STATE of Kansas, Appellee, v. Kristofer Tyler ALLEN, Appellant.
Kristofer Tyler Allen appeals the district court's decision to revoke his probation in two cases and remand him to serve his original sentences. We granted Allen's motion for summary disposition pursuant to Supreme Court Rule 7.041A (2018 Kan. S. Ct. R. 47). The State responded and asked this court to affirm the district court's decision to revoke probation and summarily dispose of Allen's sentencing appeal. After review, we affirm the district court.
Allen pled guilty to offenses in two cases. In 15 CR 672 he pled guilty to possession of methamphetamine, a drug severity level 5 felony. The district court sentenced Allen to an underlying sentence of 11 months in prison and granted probation with community corrections for 18 months, subject to mandatory drug treatment under Senate Bill 123. In 16 CR 672, Allen pled guilty to possession of methamphetamine and criminal possession of a firearm. The district court sentenced Allen to an underlying term of 30 months' imprisonment and placed him on 18 months' probation, again subject to mandatory drug treatment under Senate Bill 123. The district court also placed Allen on 12 months of postrelease supervision.
Subsequently, the State filed three motions to revoke probation between November 2016 and November 2017. At each hearing, Allen stipulated to violating the terms of his probation. At the first hearing, the district court ordered Allen to serve a prison sanction of 120 days. At the second hearing, the district court ordered a 180-day prison sanction. Moreover, the district court also warned Allen that he had “exhausted all the graduated sanctions at this point.” Prior to these sanctions, Allen's supervising probation officer had ordered him to serve a “quick dip” two-day intermediate sanction. At the final hearing on November 7, 2017, the district court revoked Allen's probation and ordered him to serve his original sentences, imposed to run consecutively, of 41 months in prison.
On appeal, Allen argues the district court abused its discretion by revoking his probation and remanding him to serve his original prison sentences. Once a violation has been established, the decision to revoke probation is within the discretion of the district court. See State v. Skolaut, 286 Kan. 219, 227-28, 182 P.3d 1231 (2008). Judicial discretion is abused if the action “(1) is arbitrary, fanciful, or unreasonable, i.e., if no reasonable person would have taken the view adopted by the trial court; (2) is based on an error of law ․ ; or (3) is based on an error of fact.” State v. Jones, 306 Kan. 948, Syl. ¶ 7, 398 P.3d 856 (2017). This discretion is limited by the intermediate sanctions as outlined in K.S.A. 2017 Supp. 22-3716. Allen bears the burden to show an abuse of discretion by the district court. See State v. Rojas-Marceleno, 295 Kan. 525, 531, 285 P.3d 361 (2012).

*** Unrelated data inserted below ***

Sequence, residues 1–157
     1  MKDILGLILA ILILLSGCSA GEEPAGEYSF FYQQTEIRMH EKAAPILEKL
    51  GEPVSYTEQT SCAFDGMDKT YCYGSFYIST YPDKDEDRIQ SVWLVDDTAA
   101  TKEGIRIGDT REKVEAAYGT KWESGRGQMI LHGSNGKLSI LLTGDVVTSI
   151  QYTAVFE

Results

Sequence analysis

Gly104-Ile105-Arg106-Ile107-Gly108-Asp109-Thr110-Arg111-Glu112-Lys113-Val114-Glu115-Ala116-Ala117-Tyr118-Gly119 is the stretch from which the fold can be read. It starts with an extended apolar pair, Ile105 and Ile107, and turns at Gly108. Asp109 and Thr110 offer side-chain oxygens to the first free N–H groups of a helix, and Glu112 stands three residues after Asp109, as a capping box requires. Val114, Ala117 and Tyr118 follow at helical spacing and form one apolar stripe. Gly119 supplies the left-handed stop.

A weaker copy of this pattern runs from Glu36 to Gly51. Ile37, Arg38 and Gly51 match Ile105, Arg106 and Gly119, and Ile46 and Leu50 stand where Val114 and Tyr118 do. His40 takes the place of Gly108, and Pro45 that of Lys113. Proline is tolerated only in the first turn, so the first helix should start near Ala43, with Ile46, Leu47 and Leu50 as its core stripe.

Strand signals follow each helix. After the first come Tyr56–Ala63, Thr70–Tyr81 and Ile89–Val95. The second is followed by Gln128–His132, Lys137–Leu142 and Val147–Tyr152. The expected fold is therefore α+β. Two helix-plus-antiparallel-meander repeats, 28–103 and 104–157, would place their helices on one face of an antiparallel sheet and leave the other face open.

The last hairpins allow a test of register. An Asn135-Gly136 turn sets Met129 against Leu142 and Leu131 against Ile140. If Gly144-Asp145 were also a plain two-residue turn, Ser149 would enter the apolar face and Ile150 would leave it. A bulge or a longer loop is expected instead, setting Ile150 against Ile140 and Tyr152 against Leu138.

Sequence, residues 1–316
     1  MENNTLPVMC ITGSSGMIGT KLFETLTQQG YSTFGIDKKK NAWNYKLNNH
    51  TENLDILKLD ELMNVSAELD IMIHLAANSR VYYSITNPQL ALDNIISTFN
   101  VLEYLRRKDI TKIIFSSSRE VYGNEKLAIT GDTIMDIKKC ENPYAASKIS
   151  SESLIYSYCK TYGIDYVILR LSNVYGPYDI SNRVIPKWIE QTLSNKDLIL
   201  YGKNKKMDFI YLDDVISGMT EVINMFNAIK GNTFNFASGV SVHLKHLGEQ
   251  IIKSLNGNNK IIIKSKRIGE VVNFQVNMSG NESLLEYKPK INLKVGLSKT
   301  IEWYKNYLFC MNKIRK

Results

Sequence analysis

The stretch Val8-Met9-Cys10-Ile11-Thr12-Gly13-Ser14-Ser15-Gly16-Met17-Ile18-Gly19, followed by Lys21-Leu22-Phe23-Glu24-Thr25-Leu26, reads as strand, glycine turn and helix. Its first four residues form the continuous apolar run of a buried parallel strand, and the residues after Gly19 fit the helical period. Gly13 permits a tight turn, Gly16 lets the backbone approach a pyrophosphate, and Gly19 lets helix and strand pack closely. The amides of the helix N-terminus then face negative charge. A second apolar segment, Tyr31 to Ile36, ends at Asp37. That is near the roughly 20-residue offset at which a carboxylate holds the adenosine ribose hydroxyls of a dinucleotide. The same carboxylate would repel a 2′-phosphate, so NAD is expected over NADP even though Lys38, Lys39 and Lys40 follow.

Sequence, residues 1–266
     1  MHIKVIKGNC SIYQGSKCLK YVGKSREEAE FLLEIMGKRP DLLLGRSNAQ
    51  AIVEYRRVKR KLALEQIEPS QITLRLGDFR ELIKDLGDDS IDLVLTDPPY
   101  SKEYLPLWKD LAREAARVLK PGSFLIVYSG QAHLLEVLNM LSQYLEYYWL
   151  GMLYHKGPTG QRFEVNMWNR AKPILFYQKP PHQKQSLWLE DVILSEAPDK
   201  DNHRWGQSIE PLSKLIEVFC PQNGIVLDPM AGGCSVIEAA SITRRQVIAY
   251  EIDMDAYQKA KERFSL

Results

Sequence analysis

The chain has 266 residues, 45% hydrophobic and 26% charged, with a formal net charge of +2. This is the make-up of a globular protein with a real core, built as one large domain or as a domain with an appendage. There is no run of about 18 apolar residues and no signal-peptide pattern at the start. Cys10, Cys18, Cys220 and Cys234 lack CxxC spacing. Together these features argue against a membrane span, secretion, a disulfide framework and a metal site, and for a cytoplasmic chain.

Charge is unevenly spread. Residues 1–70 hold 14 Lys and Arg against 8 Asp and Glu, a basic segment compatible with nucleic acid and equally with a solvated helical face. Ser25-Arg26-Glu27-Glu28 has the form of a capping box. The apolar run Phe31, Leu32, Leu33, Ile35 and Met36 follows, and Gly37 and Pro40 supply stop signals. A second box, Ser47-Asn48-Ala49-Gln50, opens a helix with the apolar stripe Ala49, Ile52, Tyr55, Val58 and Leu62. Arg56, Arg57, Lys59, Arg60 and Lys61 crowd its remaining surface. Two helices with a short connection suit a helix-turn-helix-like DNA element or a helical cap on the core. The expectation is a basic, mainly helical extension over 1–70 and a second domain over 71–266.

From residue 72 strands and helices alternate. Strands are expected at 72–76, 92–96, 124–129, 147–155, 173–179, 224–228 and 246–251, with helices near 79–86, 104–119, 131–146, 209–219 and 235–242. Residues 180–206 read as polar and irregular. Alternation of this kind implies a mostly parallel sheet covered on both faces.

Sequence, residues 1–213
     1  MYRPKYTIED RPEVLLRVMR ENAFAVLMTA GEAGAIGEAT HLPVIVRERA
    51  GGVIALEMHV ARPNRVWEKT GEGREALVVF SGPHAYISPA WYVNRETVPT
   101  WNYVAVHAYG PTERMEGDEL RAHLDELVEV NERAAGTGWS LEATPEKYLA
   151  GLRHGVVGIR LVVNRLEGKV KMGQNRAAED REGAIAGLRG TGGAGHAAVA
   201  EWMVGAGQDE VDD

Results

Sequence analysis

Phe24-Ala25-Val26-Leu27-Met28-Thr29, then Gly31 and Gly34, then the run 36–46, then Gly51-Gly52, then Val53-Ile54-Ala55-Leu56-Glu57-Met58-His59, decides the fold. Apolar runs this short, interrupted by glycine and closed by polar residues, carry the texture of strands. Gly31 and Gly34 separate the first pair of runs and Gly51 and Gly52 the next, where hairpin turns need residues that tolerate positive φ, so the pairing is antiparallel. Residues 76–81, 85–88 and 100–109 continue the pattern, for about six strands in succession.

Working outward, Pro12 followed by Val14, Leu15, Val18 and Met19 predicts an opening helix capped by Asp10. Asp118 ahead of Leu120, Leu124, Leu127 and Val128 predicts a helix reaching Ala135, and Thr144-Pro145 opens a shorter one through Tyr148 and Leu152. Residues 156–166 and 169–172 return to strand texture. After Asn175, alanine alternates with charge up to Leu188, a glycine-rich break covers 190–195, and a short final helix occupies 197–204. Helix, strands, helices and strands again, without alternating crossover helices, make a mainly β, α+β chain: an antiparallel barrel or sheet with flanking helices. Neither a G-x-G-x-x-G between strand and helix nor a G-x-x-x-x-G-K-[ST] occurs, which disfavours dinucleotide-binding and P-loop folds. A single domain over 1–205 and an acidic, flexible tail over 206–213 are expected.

K.S.A. 2017 Supp. 22-3716 requires that the district court impose intermediate sanctions before revoking an offender's probation. State v. Huckey, 51 Kan. App. 2d 451, 454, 348 P.3d 997, rev. denied 302 Kan. 1015 (2015). Under K.S.A. 2017 Supp. 22-3716(c), a district court may not revoke a defendant's probation and require him or her to serve the underlying prison sentence for a first violation, with certain exceptions. Rather, this statute mandates a district court to impose intermediate sanctions entailing a limited period of incarceration coupled with reinstatement of probation. The intermediate sanctions include a two-day or three-day sanction of confinement in a county jail, a 120-day prison sanction, or a 180-day prison sanction. K.S.A. 2017 Supp. 22-3716(c)(1)(B), (C), (D). Under these limitations, the district court may, among other actions, revoke probation and remand a violator to serve the balance of his or her original sentence only after both a jail sanction and a prison sanction have been imposed. K.S.A. 2017 Supp. 22-3716(c)(1)(E).
Here, the district court had discretion to revoke Allen's probation in both cases and remand him to serve his original prison sentences. Allen had stipulated to violating the terms of his probation and previously received the required intermediate sanctions—a three-day jail sanction and both 120-day and 180-day prison sanctions—as required by K.S.A. 2017 Supp. 22-3716(c)(1)(D). Allen fails to show that no reasonable person would have taken the view of the district court. Therefore, the district court did not abuse its discretion in revoking Allen's probation and remanding him to serve his original sentences, imposed to run consecutive to each other.